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Monday 12 October 2015

SHINE Journal Club

Nurses’ and midwives’ information behaviour: a review of literature from 1998 to 2014

An article from New Library World. Would be interesting to hear views on the information seeking behaviour experiences and how these fit with the article conclusions. 


I will post comments from the KSG discussion next month, and please post your comments in the interim!


Ebenezer , C., 2015. Nurses’ and midwives’ information behaviour: a review of literature from 1998 to 2014. New Library World 2015 116:3/4, 155-172. Available from: http://dx.doi.org/10.1108/NLW-07-2014-0085


Purpose


– This paper aims to provide an overview of recent literature on nurses’ and midwives’ information behaviour, with a particular focus on sources used and barriers encountered.


Design/methodology/approach


– Comprehensive searching was undertaken and an analysis of the appropriate literature carried out.


Findings


– Practitioners within the nursing profession have a marked preference for interactive and human sources of information. They habitually associate information seeking with professional development rather than with clinical practice. Lack of time is the most frequently reported problem; also, they frequently lack confidence in searching and appraising the professional literature and in applying research in practice. Cultural factors may inhibit information seeking in the workplace, and access to appropriate information technology may be limited.


Practical implications


– As a group, nurses and midwives present significant challenges to health library and information professionals seeking to design services to meet their needs. A perceived lack of access to information resources may be associated with pervasive information literacy skill deficits, with the inability to undertake critical appraisal of material that is retrieved, or with the lack of a workplace culture that is supportive of information seeking. To reach nurses and midwives, more than diligent marketing is required; library and information professionals need to work closely with the holders of nursing and midwifery research, practice development and educational roles within their institutions on “embedded”, specific information initiatives.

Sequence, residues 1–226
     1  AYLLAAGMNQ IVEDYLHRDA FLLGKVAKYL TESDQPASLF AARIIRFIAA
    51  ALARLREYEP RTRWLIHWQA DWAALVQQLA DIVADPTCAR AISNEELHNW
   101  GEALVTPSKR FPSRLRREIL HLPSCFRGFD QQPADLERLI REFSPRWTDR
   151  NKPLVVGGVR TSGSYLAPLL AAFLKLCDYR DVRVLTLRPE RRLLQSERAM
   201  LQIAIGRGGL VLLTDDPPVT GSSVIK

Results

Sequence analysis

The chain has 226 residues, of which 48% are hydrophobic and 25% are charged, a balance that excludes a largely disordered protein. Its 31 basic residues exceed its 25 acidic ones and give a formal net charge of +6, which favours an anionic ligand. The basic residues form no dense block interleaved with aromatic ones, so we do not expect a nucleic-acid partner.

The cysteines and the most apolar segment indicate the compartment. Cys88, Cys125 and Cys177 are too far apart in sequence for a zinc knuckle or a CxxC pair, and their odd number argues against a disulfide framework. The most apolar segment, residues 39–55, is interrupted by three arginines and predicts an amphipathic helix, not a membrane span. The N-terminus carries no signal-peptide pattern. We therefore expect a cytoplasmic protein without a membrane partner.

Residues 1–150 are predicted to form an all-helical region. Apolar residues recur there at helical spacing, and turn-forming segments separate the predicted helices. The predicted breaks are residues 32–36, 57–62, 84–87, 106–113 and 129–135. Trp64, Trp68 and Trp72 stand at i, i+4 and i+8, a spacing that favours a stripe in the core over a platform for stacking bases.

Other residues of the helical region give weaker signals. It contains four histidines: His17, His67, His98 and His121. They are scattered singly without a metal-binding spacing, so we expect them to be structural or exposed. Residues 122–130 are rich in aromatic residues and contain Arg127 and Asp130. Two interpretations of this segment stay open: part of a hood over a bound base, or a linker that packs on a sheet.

Originality/value


– An overview of recent work is presented on the information behaviour of nurses and midwives within developed economies, focusing particularly on the UK. It may be of interest and value to health librarians and to nursing and midwifery educators in facilitating evidence-based practice.

1 Comment

  • Siobhan O'Brien replied on 18 Nov 2015 at 09:37

    Overview of comments from the NES Journal Club:

    • The article highlights a “sad” situation, the barriers and challenges that are faced with regard to the information seeking behaviour of nursing staff.
    • Article confirms a lot of what we believed anecdotally.
    • The table (p159) describing decision types and clinical choices was interesting, particularly when delivering training to this group.
    • Interesting that the role of practice educators is highlighted
    • Expected commentary about how the roles of nurses in particular were changing, and the impact on information seeking behaviour but not present.
    • The search strategy was a little surprising, particularly the inclusion of the online concept.
    • Seems that the issue is the culture and perceived lack of access rather than actual lack of access. The need for a culture change was the key message that we took from the article, and that this is the key barrier to overcome.

    The article lists the challenges and barriers for this group, and the question was asked during the session what examples of overcoming theses barriers might be available from SHINE members. Please share any successes or otherwise below!

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